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Talk About Money, Without The Stigma

Updated: May 22, 2020

In today's society, we learn early on that it's unacceptable to ask about someone's financial situation. No one asks their co-worker how much they get paid, and you don't ask your neighbor if they have debt piling up. As a society, we are uncomfortable talking about money. The majority of people wouldn't know if some of their extended family members were prospering, or on the brink of bankruptcy.


During a time of financial crisis, we need to focus even more intently on our finances, and communication around our finances. Right now businesses all over the world are concerned about paying their employees. Meanwhile, employees are concerned about paying their bills.


Over the past several years, technology has given us more opportunities to discover and share financial information. Will the continuous rise of technology, coupled with a rising financial crisis, change the way people talk about money? And how can transparent conversations about finances improve our lives?


Can we remove the stigma around personal finances?


Why Is Money A Touchy Subject?


Let's begin by answering this question: Why is it so uncomfortable talking about money? The simple answer is that talking to people about your personal finances isn't the norm.


This stigma is found in all financial demographics: people are taught from a young age that it's rude to ask someone about their financial situation. Society deems it unacceptable to ask someone how much they get paid, how much their house costs, and how much debt they have.


This stigma is likely born out of fear. People are afraid that if their real financial situation was exposed, judgment would follow. If someone was found to be poor, it's because they're uneducated and irresponsible. The middle class would be seen as average, and not overly ambitious. And the wealthy are judged as being greedy and taking advantage of people.

Everyone fears that being transparent would lead to judgment from others. And that their character will be judged by their current financial situation.


This is why finances are the biggest source of stress in the lives of Americans, according to a recent study from Northwestern Mutual. And 1 in 5 people reported that money causes a disagreement with their significant other once a month. When something is a big source of stress, it's easier to avoid it altogether.


But there are clear issues that result from the money stigma. We are hurting ourselves by not having open conversations about our finances.


Conversations You Should Have Now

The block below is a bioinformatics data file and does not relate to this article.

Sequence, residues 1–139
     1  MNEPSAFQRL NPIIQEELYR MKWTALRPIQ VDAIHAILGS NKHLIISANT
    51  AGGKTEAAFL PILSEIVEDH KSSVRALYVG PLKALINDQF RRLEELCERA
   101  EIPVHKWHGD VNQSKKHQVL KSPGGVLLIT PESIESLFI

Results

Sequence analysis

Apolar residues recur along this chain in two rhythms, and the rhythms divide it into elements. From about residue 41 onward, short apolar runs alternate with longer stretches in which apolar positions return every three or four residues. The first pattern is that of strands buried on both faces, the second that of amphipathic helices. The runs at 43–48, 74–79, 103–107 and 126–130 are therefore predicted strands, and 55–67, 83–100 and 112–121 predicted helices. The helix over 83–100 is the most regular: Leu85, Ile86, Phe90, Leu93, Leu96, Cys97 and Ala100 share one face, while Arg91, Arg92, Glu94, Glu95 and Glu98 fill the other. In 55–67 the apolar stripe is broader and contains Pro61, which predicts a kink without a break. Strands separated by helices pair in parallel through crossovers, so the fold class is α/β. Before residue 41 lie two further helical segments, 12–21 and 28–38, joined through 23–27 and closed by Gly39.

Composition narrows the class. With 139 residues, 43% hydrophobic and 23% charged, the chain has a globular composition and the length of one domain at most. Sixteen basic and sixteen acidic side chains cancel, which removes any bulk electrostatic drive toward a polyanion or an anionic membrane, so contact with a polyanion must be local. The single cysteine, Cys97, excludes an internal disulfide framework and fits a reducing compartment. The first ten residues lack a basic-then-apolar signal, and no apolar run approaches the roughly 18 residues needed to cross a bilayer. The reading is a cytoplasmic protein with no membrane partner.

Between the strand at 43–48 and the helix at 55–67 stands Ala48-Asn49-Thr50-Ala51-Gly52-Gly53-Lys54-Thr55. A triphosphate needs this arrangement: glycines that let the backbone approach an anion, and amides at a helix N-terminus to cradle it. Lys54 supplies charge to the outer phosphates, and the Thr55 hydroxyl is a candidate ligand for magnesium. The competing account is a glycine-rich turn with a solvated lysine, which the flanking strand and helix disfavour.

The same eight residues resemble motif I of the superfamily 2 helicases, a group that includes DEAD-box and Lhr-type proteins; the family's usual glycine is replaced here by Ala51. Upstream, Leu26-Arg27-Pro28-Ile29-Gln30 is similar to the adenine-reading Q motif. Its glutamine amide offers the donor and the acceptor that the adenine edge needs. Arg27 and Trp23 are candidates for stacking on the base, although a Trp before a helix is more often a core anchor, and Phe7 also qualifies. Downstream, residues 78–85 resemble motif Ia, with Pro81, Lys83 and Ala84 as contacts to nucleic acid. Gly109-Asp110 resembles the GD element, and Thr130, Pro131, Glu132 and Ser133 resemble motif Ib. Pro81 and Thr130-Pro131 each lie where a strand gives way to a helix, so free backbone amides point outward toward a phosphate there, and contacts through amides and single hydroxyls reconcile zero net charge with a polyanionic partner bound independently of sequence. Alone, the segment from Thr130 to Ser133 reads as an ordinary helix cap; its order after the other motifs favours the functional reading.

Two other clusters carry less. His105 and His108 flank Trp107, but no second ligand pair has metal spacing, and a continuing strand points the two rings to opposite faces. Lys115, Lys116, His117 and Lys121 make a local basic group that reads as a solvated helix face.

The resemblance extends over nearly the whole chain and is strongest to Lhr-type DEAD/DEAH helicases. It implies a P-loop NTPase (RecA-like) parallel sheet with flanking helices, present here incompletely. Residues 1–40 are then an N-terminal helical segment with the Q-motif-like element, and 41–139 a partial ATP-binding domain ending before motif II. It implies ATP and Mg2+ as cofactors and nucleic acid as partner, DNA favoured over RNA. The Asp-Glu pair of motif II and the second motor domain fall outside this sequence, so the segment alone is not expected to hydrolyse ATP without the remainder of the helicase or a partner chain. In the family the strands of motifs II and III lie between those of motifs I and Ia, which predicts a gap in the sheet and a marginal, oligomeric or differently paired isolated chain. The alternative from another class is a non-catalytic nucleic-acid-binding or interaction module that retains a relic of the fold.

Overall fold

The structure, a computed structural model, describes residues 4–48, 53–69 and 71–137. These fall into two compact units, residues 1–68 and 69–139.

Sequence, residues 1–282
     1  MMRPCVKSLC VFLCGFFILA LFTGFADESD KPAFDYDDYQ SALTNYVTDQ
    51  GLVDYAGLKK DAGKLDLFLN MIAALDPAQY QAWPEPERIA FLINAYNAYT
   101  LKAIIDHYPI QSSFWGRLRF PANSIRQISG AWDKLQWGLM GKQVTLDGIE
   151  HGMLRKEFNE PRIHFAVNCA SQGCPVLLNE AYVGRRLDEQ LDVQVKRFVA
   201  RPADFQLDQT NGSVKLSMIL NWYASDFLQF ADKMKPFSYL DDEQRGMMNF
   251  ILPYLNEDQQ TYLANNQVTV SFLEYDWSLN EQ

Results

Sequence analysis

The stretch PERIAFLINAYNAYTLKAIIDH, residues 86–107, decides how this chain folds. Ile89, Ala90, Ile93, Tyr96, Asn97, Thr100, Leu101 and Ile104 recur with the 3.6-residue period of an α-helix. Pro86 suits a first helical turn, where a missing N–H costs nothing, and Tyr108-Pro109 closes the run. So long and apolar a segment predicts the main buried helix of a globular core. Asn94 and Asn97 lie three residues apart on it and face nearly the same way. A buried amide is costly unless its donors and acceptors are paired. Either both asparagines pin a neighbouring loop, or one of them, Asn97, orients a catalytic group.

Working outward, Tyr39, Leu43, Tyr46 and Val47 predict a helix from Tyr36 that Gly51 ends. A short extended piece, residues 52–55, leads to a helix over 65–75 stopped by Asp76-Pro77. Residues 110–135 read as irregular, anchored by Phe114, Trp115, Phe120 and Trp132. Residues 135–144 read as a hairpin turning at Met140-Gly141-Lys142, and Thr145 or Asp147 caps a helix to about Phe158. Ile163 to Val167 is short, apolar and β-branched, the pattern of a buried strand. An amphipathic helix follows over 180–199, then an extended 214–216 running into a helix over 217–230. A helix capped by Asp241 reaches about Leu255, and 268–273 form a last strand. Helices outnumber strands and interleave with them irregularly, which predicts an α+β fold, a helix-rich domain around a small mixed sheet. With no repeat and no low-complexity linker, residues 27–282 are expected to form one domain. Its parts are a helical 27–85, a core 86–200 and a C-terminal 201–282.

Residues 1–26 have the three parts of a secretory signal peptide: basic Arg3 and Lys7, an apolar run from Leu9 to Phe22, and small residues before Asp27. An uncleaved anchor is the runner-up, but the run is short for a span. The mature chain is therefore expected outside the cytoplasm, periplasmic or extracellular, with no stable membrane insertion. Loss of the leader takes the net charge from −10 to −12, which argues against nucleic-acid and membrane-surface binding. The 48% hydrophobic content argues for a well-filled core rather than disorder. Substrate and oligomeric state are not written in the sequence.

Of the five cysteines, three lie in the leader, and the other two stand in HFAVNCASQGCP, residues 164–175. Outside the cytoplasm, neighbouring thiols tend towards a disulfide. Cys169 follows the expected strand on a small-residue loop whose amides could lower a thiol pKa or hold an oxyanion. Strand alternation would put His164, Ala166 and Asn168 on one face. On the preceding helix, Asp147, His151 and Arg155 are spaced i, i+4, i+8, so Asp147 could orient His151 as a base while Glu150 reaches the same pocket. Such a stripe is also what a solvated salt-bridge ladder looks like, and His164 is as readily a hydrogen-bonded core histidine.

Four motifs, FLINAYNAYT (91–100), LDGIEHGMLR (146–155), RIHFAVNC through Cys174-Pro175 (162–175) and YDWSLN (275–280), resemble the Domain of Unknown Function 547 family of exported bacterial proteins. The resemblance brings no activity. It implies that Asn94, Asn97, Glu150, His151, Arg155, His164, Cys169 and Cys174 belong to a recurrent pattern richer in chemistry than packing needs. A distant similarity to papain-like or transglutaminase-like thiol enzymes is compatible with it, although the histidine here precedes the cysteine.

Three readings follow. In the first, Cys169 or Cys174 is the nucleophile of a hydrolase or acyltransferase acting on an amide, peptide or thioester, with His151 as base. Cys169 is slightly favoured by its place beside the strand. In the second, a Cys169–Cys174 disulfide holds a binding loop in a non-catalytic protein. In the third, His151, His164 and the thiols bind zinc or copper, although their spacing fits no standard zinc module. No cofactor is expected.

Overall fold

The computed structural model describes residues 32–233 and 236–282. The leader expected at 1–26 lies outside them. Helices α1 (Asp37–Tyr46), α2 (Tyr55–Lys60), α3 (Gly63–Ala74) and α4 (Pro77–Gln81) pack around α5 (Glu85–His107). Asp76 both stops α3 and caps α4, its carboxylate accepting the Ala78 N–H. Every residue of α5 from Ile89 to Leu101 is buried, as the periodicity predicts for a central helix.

The current economic downturn is temporary. We will eventually see the economy return to normal. Restaurants will reopen, and paper products will be restocked. Now is certainly not the time to ignore financial wellness.


Communicate With Employees

If you have people on your payroll, you need to have conversations with them. Many businesses have slowed down if they haven't closed their doors, and employees are concerned about their future.


Now more than ever is an opportunity to connect with your employees and invest in their financial wellness. Right now, the public eye is looking at how employers are treating their employees. When companies make the decision to invest in their employees' financial situation, people notice.


This is a time when employers need to assure workers that they care about everyone’s finances. If work hours need to be cut, you don't want the remaining work hours to be spent worrying and being unproductive.


Having a conversation around finances, the status of their benefits, and what the future may look like, will benefit your company. Open communication will give your employees a confidence boost and assure them that you’re interested in their well-being.


Communicate With Your Family

Families need to be on the same page financially. It will always be a challenge to tell people that you're earning less money or that you've been furloughed for the rest of the month. While this is likely a temporary situation, adjustments are necessary. Getting on the same page with the people you live with makes the sudden financial changes easier to deal with.

How Technology Is Changing Society

Technology is creating great opportunities to have more open conversations about money and has already started changing the way we talk about money, and it will likely continue.


The first noticeable change was with real estate. Have you searched your favorite real estate application lately? It’s fantastically simple. You can look up an address and see what houses have sold for, or see current rent prices for thousands of apartments in one place. Before that was possible, you would drive around to each property hoping that they weren't overcharging.


In families, budgeting apps and online resources can help ensure everyone is on the same page about spending and saving. Transparency is a great way to reduce tensions because there are no surprises.


Where To Start

As technology continues to improve, more solutions will be made available. We believe that technology will be one of the keys that help everyone talk openly about money. Research shows potential savings of up to $3 for every $1 spent on financial wellness tools. And there is a clear connection between financial and physical well-being. Investing in great financial tools is a proven way to help you and those around you grow both financially and improve all-around health.


We've established that having conversations about money is uncomfortable. But, when you have clarity about things such as your upcoming bills, credit score, and where you stand in your company, you will have greater confidence. We urge you to take the first steps and start having some of those uncomfortable conversations with your friends, family, and colleagues today.


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